February 11, 2009
By Christopher Ray
6 out of 10 – Some magical moments, but they don't make up for the overall pacing of the story
I try deliberately to get a very vague synopsis of a film before going to see it, so as to not ruin the plot but help me decide what to see. The Reader's synopsis was so intriguing that I steered clear of any outside influence. The first time you see a film is a virgin moment, one that can never be repeated. Such films as The Usual Suspects and The Sixth Sense are legendary with their endings, but most people should put blinders on and be allowed to experience a film without precondition or influence.
The Reader's plot is that of a young man and a woman twice his age who engage in a passionate affair for a summer, and years later as a law student this man comes to find this woman in his life again. Except in this scenario she is on trial for war crimes associated with the SS in Nazi Germany. This within itself caused me to about face and avoid any further reading about it, as it sounded fascinating.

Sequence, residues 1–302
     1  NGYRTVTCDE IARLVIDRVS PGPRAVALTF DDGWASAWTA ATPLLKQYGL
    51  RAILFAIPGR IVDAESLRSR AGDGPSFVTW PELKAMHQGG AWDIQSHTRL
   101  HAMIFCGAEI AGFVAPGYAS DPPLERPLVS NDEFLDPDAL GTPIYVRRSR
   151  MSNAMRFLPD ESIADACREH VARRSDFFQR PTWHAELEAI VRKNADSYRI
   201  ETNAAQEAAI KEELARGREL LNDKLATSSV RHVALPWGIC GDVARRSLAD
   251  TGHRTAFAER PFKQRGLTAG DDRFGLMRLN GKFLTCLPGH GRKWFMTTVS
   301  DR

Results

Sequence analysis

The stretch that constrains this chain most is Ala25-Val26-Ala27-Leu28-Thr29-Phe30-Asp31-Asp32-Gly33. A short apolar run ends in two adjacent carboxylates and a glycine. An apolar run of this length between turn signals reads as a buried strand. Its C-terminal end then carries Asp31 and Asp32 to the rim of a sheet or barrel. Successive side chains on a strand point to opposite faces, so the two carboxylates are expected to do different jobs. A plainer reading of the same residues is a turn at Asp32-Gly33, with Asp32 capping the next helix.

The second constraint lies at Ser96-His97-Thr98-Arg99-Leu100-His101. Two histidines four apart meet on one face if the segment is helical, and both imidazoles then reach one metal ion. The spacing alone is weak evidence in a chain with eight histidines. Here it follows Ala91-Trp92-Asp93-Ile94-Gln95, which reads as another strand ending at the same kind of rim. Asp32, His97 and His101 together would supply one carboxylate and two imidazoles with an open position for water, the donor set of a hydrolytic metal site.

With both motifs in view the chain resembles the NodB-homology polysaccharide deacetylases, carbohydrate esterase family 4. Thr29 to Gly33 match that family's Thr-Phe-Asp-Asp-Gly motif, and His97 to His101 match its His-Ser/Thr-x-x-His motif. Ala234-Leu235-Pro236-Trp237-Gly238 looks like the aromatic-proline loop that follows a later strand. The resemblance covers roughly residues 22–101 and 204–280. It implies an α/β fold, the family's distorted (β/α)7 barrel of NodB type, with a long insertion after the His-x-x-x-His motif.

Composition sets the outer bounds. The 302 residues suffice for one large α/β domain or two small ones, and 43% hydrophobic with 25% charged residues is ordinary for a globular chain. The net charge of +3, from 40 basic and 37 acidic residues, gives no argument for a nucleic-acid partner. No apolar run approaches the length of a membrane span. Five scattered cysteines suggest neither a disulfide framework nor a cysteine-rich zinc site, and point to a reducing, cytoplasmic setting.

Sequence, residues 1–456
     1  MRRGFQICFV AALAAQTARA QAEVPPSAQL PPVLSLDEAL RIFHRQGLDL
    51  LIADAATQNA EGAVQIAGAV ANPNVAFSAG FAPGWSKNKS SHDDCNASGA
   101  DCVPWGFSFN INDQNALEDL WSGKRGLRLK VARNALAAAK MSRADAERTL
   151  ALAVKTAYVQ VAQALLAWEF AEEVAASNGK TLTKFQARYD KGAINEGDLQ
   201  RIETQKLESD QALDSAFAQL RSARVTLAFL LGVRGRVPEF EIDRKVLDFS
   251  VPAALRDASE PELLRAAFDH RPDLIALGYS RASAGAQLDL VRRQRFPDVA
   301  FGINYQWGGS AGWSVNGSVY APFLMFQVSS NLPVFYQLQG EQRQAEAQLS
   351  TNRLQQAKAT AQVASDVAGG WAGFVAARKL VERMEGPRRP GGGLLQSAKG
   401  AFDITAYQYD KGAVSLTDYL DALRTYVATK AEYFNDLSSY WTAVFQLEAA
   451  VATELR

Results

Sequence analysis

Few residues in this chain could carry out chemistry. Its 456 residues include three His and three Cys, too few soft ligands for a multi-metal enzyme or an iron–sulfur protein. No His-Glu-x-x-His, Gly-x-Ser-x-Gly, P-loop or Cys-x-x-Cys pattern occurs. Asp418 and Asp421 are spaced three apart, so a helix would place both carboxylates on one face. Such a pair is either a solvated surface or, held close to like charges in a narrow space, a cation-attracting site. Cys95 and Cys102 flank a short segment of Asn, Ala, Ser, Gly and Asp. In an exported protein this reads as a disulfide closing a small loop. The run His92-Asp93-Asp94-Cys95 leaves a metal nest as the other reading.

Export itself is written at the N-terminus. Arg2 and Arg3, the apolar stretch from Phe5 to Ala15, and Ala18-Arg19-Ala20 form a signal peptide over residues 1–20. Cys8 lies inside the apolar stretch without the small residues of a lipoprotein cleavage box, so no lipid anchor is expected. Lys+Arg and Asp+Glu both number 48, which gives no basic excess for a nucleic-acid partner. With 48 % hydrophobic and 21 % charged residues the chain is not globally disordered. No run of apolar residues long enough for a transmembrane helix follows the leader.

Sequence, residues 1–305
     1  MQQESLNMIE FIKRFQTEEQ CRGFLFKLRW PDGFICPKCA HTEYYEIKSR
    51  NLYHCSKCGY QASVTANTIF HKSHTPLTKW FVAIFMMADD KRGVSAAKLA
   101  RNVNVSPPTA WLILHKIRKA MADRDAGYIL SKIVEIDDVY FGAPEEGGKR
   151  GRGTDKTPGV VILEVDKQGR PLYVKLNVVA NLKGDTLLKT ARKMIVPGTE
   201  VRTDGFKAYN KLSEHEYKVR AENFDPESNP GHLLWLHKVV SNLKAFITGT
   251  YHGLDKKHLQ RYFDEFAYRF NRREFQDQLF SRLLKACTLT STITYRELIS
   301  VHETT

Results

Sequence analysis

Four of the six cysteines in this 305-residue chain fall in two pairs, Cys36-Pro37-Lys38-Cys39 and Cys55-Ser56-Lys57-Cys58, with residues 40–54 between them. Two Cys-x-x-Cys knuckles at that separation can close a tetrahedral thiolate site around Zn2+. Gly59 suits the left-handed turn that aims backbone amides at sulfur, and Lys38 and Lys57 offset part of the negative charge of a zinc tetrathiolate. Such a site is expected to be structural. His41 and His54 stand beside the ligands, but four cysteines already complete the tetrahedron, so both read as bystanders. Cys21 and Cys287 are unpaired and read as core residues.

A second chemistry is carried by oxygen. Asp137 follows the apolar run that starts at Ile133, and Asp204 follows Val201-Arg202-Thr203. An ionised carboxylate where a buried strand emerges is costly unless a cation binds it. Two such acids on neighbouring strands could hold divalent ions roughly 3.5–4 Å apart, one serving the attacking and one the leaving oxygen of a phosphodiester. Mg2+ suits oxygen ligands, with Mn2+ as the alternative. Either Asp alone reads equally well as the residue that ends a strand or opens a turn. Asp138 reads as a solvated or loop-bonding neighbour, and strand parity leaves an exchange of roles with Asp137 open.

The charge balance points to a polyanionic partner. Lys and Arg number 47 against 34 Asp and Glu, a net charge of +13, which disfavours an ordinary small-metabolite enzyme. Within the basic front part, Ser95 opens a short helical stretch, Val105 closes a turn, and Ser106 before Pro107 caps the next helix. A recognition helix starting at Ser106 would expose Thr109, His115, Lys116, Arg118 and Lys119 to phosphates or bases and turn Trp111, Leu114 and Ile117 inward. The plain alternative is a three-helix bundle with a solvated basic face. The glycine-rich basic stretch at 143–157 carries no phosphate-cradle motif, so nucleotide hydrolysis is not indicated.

I can tell you that it is, and there are some moments in the film that are absolutely magical. It pains me that at times the pacing of the film is so wrong; the chronological jumps are almost confusing and there are several jump cuts within a certain sphere of time that seem as if some producer was yelling at the editor to make up for time and get to the point.
The direction of the film seems to be off as well, and its all very frustrating in the fact that the plot, the themes, and the most important scenes are so damn good. There are three scenes in the movie alone that make it worth a DVD viewing, but just as they get over it drags on in it's own way. The places in which it dragged were not unnecessary, but the road to get there was poorly crafted.
The title itself was probably the most intriguing part going into the film, and I love to elaborate on titles, but in this case it's too fundamental to do so. Kate Winslet steals the show overall and is impeccable as a woman with a secret more shameful than murder. David Kross as the young Michael Berg is spectacular considering the gravity of the role in which he is working. The film is great at moments, but the overall pacing just leaves you wishing it flowed much better than it actually does.